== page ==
An interpretation $i$ {\it logically satisfies} a sentence $\phi$ if and only if
the truth value of the sentence is $true$ for all variable assignments. Whenever
this is the case, we say that $i$ is a {\it model} of $\phi$. Extending this
notion to sets of sentences, we say that an interpretation is a model of a set of
sentences if and only if it is a model of every sentence in the set of sentences.
Obviously, a variable assignment has no effect on the truth value of a
sentence without free variables (i.e. a ground sentence or one in which all
variables are bound). Consequently, if an interpretation satisfies such a sentence
for one variable assignment, it satisfies it for every variable assignment.
The occurrence of free variables in a sentence means that the sentence is true
for all assignments of the variables. For example, the sentence {\tt (p ?x)}
means that the relation denoted by {\tt p} is true for all objects in the
universe of discourse. In other words, the meaning of a sentence with free
variables is the same as the meaning of a universally quantified sentence in
which all of the free variables are boundby the universal quantifier. In KIF, we use
this fact to sanction the dropping of prefix universal quantifiers that do not occur
inside the scope of existential quantifiers. In other words, we are permitted to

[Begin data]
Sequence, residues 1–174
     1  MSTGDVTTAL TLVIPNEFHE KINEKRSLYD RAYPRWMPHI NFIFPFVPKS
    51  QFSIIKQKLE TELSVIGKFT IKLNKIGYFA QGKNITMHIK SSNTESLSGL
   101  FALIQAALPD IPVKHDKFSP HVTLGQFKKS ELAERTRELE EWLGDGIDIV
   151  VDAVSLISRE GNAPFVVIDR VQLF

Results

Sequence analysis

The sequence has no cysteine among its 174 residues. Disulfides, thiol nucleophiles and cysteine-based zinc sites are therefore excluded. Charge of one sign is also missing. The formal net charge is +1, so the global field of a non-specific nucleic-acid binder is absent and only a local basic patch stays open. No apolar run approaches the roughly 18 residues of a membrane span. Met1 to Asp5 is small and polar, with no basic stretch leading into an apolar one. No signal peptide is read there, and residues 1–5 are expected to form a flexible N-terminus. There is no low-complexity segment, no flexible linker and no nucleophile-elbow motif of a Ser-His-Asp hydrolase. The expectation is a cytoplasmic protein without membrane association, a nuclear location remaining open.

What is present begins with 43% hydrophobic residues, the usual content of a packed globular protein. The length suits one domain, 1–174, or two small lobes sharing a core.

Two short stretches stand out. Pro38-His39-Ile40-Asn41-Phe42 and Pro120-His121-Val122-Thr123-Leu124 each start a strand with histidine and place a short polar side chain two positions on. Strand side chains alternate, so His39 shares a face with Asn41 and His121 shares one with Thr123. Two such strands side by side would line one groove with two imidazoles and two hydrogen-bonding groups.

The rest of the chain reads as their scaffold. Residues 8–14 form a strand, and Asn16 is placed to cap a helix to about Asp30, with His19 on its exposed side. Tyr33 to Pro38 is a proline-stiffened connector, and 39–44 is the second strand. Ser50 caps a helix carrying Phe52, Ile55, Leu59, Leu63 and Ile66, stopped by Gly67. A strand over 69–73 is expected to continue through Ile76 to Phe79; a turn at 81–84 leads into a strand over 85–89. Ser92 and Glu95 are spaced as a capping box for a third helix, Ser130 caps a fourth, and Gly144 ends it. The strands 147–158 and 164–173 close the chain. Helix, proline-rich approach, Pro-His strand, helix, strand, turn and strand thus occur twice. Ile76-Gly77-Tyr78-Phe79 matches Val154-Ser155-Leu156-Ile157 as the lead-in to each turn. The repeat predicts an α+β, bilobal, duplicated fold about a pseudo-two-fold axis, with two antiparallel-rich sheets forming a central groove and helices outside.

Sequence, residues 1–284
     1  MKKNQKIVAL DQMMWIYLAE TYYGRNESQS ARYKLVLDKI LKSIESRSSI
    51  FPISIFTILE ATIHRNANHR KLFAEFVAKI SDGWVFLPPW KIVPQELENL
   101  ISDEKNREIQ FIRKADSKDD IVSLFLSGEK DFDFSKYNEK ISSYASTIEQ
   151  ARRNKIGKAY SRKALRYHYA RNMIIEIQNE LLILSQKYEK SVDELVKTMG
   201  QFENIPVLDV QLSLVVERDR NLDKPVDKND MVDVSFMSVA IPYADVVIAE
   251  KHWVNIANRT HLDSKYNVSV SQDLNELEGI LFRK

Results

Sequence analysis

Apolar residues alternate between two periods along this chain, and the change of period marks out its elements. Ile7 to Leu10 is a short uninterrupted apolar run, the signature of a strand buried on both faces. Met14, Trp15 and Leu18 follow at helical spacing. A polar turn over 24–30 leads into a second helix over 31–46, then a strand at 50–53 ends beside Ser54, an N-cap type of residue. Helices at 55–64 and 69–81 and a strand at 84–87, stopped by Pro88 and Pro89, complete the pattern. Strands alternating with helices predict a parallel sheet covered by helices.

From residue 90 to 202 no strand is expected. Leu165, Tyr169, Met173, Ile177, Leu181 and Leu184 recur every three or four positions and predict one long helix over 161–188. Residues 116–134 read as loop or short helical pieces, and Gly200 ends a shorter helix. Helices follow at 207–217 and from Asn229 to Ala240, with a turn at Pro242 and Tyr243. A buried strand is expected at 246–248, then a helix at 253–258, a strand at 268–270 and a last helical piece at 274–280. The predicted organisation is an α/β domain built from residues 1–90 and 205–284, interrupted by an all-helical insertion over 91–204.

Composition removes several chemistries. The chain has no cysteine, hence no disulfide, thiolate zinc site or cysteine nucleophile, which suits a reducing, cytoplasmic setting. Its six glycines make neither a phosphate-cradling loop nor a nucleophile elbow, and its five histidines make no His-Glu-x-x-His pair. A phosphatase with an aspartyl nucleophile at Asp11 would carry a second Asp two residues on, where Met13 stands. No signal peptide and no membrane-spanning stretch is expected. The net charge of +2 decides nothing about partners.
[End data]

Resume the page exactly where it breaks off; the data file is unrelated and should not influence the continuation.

write {\tt (=> (apple ?x) (red ?x))} in place of the more cumbersome {\tt
(forall (?x) (=> (apple ?x) (red ?x)))}.
Unfortunately, the notion of satisfaction is disturbing in that it is relative
to an interpretation. As a result, different individuals and different programs
with different interpretations may disagree on the truth of a sentence.
It is true that, as we add more sentences to a knowledge base, the set of
models generally decreases. The goal of knowledge encoding is to write enough
sentences so that unwanted interpretations are eliminated. Unfortunately, this
is not always possible. In the light of this fact, how are we to interpret the
expressions in such situations? The answer is to generalize over interpretations
as earlier we generalized over variable assignments.
If $\Delta$ is a set of sentences, we say that $\Delta$ {\it logically entails} a
sentence $\phi$ if and only every model of $\Delta$ is also a model of $\phi$.
With this notion, we can rephrase the goal of knowledge representation as
follows. It is to encode enough sentences so that every conclusion we desire
is logically entailed by our set of sentences. It is a sad fact
that this is not always possible, but it is the ideal toward which we strive.
\section{Definitions}
The definitional operators in KIF allow us to state sentences that are true
``by definition'' in a way that distinguishes them from sentences that express
contingent properties of the world. Definitions have no truth values in the
sense described above. They are so because we say that they are so.
On the other hand, definitions have content -- sentences that allow us to
derive other sentences as conclusions. In KIF, every definition has a
corresponding set of sentences, called the {\it content} of the definition.
The rules for determining the content of a definition are slightly complicated
and are described fully in the chapter on definitions. The following is a brief
outline, sufficient to enable the reader to understand the use of definitional
constructs in the intervening chapters.
The {\tt defobject} operator is used to define objects. The two simplest
forms are shown below, together with their content. In the first case, the